The Centaurs’ better two-thirds arrived at my aid station, the first in the inaugural Yeti Snakebite 50/50, Sept. 1, 2013, drenched. Neither rain nor river-dip: sweating, yet with a spring in their step. When I saw them again more than 30 miles later, said steps would instead have a subtle but undeniably audible squish. Follows: an excerpt of an email Josh penned to his brother-in-law, Garrett (a GUTS member and sub-24-hour Leadville finisher). TAKE IT AWAY, Josh.

Not the best omen

The Snakebite 50/50 was a good, solid race. Billed as “easy” and great for “first-timers,” it looked to be a nice, simple training run. I had no expectations of placing high; I just knew I needed a race of this distance leading up to the 100-miler to help gauge where I was at. Hall and I were running, Kyle, still recovering from injury, was volunteering at an aid station.

We pulled in to Sweetwater Creek State Park around 6:10 am, well before the race start at 7:00. Many cars were there already and we were directed to park down one of the side roads. After we stopped, I got out and headed to the trunk of our Prius to open and get our shit out. As I put my hand on the latch, I heard a SNAP and then was hit on the fucking head by a falling branch.

The main beam hit the car, with one of the smaller branches thunking my head, before the entire thing rolled off the car and down the hill.

We didn’t disturb anything beforehand – it was just that we were at the exact right place at the worst possible time. I was fine, and the car took a small dent. Not the best omen before starting a race.

The race started and around 300 of us were off, 50K’ers and 50-milers, alike. We all ran the same route out to Mile 18. Thereafter, the 50K people would turn around and head back, and the 50-milers would continue to the 25-mile turnaround. All racers had the option to go up or down in distance, depending on how they were feeling.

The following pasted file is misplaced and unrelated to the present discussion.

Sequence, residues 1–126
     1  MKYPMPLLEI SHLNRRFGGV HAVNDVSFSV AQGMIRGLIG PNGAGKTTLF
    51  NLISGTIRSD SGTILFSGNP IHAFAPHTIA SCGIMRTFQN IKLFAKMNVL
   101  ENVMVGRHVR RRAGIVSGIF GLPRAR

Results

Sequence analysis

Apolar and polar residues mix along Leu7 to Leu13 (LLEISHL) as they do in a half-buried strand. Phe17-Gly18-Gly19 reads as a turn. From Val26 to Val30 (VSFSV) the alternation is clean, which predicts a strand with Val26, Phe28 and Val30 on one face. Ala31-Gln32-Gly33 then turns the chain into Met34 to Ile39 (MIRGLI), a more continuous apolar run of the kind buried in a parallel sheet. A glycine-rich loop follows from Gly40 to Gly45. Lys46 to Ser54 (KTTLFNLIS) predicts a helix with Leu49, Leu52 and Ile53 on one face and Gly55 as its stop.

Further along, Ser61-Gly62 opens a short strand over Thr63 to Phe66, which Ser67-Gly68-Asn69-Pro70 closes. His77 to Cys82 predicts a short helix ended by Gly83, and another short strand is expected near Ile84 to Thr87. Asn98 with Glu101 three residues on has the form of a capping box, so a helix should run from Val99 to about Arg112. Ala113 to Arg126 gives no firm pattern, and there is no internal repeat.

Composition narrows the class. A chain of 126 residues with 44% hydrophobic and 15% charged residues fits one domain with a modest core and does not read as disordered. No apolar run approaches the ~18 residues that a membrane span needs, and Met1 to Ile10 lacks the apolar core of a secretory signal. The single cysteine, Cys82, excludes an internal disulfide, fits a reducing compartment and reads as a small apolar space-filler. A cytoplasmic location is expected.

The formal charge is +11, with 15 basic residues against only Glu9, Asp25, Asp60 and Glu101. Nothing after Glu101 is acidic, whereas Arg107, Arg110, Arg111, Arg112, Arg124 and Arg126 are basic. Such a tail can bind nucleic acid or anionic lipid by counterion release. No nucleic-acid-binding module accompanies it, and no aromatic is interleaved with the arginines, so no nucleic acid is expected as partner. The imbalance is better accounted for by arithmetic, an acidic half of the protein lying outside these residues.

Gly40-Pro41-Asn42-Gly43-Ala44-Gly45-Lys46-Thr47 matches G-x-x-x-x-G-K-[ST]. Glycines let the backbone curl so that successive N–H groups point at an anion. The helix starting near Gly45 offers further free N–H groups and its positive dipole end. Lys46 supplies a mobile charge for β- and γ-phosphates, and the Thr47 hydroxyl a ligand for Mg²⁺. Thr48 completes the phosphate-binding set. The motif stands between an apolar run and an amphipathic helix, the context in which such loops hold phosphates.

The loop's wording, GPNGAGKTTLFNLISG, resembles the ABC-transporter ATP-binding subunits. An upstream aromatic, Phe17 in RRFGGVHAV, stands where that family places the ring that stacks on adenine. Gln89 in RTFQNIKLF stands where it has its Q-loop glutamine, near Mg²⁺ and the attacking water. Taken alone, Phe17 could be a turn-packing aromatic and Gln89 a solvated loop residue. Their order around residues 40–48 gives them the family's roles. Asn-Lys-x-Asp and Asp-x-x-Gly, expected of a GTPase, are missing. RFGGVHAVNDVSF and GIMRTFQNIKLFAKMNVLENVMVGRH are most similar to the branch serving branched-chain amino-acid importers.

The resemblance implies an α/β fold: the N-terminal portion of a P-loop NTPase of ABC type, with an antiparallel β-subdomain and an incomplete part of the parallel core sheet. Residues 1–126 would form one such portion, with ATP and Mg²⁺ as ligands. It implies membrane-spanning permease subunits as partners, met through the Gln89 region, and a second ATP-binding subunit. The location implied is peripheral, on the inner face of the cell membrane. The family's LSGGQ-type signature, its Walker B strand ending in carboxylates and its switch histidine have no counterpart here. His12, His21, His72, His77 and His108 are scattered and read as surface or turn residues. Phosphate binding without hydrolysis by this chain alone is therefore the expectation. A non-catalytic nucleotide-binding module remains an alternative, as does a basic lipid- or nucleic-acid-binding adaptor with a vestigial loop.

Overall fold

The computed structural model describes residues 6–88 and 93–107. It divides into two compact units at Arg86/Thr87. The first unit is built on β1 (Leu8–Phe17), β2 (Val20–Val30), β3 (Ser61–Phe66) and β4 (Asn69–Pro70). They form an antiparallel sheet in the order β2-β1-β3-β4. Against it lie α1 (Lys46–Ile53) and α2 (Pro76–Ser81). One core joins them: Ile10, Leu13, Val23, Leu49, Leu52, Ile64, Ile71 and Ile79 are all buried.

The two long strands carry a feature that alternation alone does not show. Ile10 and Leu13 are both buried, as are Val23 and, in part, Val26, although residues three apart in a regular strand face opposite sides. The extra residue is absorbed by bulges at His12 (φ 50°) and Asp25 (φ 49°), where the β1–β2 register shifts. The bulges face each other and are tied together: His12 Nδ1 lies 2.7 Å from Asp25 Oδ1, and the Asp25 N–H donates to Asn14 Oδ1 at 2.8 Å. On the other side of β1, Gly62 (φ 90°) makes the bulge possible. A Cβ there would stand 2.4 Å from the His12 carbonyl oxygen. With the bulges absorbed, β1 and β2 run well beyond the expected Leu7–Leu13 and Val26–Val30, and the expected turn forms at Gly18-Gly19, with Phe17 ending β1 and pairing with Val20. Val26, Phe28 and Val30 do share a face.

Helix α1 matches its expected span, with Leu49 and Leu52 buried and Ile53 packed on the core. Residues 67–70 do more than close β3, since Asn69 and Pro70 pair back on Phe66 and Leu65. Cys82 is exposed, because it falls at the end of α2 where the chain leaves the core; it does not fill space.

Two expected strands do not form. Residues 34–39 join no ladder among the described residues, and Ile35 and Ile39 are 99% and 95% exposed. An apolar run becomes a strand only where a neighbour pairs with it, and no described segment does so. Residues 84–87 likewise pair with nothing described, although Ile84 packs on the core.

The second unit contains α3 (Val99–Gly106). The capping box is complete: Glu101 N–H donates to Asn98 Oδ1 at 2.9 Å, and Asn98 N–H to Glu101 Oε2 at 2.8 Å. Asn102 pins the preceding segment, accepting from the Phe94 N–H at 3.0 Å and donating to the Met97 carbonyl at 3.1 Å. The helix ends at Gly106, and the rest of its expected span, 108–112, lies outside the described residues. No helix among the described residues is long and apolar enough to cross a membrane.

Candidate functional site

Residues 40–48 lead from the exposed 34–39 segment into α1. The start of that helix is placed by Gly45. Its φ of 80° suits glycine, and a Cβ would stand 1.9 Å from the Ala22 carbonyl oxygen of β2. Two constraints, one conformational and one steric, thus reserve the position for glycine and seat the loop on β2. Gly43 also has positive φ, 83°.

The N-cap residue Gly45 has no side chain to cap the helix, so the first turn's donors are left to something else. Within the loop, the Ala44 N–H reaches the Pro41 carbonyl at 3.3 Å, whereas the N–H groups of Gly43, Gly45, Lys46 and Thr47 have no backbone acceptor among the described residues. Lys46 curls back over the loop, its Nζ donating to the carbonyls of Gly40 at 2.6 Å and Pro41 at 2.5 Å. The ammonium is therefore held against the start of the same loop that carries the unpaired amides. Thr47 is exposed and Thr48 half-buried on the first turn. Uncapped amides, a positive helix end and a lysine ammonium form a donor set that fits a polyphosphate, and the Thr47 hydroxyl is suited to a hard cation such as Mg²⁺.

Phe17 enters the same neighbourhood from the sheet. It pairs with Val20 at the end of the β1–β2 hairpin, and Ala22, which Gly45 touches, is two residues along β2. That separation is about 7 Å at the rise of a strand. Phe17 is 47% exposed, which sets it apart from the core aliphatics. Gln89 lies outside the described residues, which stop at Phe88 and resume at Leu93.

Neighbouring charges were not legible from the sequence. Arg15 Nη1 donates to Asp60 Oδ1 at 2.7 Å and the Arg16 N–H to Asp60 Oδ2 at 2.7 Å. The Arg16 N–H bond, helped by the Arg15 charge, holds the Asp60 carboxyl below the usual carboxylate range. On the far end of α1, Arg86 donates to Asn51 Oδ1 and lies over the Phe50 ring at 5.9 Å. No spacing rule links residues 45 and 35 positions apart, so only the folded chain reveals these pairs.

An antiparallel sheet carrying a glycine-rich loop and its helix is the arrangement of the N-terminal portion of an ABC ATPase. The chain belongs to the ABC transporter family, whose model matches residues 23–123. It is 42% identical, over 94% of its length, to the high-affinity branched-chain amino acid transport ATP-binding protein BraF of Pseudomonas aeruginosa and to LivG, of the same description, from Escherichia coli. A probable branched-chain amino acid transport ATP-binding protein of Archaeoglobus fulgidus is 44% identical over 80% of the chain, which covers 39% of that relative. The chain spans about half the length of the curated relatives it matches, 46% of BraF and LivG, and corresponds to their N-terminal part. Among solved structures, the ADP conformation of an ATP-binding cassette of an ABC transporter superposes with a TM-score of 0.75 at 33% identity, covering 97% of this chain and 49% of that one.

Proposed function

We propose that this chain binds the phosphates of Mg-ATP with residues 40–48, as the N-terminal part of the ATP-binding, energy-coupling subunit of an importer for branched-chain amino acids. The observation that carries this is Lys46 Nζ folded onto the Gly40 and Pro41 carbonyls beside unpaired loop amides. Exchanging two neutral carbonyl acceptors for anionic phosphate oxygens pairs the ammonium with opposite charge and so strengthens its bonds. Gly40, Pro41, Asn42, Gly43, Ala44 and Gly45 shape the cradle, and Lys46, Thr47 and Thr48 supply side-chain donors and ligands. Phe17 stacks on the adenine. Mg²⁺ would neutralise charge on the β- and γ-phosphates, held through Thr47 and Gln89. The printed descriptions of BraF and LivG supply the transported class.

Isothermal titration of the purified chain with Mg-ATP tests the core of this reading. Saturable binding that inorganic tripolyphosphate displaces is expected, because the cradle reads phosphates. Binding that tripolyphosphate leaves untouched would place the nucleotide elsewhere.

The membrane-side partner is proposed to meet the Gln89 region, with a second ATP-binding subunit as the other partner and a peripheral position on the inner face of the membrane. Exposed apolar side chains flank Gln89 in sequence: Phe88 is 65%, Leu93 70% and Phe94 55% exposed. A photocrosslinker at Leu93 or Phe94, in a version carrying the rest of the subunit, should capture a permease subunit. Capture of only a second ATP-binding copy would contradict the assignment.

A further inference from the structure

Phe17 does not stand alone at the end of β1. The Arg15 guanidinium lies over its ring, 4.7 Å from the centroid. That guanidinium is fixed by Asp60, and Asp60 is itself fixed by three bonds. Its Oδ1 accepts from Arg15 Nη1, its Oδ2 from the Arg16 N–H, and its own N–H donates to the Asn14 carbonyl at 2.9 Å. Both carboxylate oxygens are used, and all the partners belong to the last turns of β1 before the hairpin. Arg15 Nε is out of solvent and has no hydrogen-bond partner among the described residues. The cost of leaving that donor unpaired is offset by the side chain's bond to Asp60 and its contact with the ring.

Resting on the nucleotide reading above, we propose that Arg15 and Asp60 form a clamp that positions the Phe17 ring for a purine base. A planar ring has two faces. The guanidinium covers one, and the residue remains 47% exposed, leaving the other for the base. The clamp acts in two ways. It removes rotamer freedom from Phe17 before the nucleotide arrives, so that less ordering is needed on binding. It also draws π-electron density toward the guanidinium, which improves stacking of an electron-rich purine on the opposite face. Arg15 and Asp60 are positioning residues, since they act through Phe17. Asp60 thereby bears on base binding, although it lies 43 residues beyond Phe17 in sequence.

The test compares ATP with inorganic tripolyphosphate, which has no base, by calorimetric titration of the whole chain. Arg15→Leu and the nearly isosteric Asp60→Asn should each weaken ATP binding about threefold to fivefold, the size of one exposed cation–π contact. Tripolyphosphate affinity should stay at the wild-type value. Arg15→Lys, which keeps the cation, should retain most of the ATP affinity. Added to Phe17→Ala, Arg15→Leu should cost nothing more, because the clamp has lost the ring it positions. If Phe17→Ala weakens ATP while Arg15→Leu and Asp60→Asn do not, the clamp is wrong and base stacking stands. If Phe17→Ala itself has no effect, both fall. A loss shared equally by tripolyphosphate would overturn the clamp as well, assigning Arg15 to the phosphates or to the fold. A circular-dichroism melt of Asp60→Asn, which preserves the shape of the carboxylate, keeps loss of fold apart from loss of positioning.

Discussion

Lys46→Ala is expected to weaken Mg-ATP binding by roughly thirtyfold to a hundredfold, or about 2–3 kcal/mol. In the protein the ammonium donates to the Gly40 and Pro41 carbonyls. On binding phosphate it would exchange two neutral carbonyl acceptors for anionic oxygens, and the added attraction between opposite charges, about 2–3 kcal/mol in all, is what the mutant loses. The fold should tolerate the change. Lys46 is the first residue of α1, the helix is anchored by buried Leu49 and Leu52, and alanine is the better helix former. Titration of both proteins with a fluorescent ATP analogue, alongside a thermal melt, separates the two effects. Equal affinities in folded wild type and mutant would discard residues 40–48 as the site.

Everything was fine up until the Mile 18 – the 50K turnaround at Oz pizza.

By then, it was 11am and the sun was beating down, with humidity at 97% and the temp was around 93. Many 50-milers were dropping down at this point. Hall and I were doing fine. There were 10-12 people ahead of us at that point and we felt we should probably slow down a bit. We left after sponging our heads off, eating some popsicles and refilling our water.

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Exposed fields aren’t he best with a cloudless sky.

 

Out of the next 7 miles, 5 of them were in open fields or completely exposed paths alongside suburban developments. The field trails were not really trails at all; they were cut with a brushhog a day or two prior to the race. And rather than just cutting straight through the fields themselves, they weaved and weaved along the length, most likely to add on mileage that couldn’t be found elsewhere. From 11:00am – 12:30pm or so, we baked in the heat.

About 2 miles later, we passed Skinny Jim, the leader of the 50-mile race, and veteran GUTS member, who smiled and said, “not much further to the next aid station.” He was the first 50-miler we passed who was heading back after hitting the turnaround.